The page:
expected to grow 140 percent over the next decade, with 25 billion United States Dollar (USD) in capital investment by 2010 and 56 billion USD by 2015 [5]. Thermal methods of desalination such as multistage flash (MSF) and multipleeffect distillation (MED) have been found successful in converting seawater into pure water, but the energy required for this process makes it unviable to be used on a large scale. Membrane technology, such as reverse osmosis (RO), suffers from membrane fouling and a high rate of brine production [6]. Current methods of brine disposal cause major environmental problems. Therefore, research is continually being carried out in order to find out the sustainable way of desalting seawater. One such method is forward osmosis (FO). It is found to be highly efficient with a low rate of brine production; FO is an area of active research. If adopted, this technique might be the answer to all of our water problems. India has a coastline of 7516 km [7]. Since, 9 Indian states and 4 union territories are surrounded by seawater along one or more sides, desalination can play a major

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Figure 1: Increase in capacity of plants desalinating saline water in India (DesalData).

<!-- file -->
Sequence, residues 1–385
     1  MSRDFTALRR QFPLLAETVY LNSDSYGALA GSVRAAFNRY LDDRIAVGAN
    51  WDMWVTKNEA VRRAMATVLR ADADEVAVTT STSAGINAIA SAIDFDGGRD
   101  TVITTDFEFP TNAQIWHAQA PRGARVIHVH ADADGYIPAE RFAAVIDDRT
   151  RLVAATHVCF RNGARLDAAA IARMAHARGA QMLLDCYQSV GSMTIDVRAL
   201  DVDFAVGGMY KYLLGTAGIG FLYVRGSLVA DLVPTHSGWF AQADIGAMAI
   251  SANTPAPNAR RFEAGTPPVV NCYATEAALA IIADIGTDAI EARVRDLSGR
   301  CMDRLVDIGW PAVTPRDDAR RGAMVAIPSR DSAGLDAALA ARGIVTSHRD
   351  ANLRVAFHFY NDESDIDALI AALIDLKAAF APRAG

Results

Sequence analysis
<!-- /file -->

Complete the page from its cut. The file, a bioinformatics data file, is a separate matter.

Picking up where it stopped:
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2. Desalination in India India represents 16 percent of the world’s population and at its present growth rate is expected to hit the 1.5 billion mark within the next four decades [10]. The Government of India’s Planning Commission estimates the water demand to increase to 1180 BCM (billion cubic meters) by the year 2050. This represents a nearly 66 percent increase from the known 710 BCM of water demand in 2010 [11]. With the depleting water sources and increase in the demand, it becomes imperative to switch to seawater to meet the water requirements in India. Suryanarayanan says that desalination technologies are still evolving in India [12] and Indo-Asian News Service report suggests that the Indian desalination water market is expected to grow at a compounded annual growth rate (CAGR) of 30 percent over a period of five years from 2013 to 2018 [13]. There has been a sudden increase in the capacity of plants desalinating saline water from year 2006 as shown in Figure 1. In addition, the desalination capacity in India is seen at 5.35 million m3 /d by 2018 [13], which is 342.1% increase from its capacity in 2013. Thus, it can be concluded that desalination water market in India is expected to grow at a rapid rate. The two main desalination technologies are those based on thermal and membrane processes. Thermal processes include multistage flash (MSF), multiple-effect distillation (MED), and vapour compression (VC), whereas membrane processes include reverse osmosis (RO), electrodialysis (ED), and forward osmosis (FO). Figure 2 shows the distribution of the desalination technologies adopted in India in the financial year 2012-13. Since membrane based technologies are considered to be 23 percent cheaper than thermal based technologies for generating desalinated water, plants in India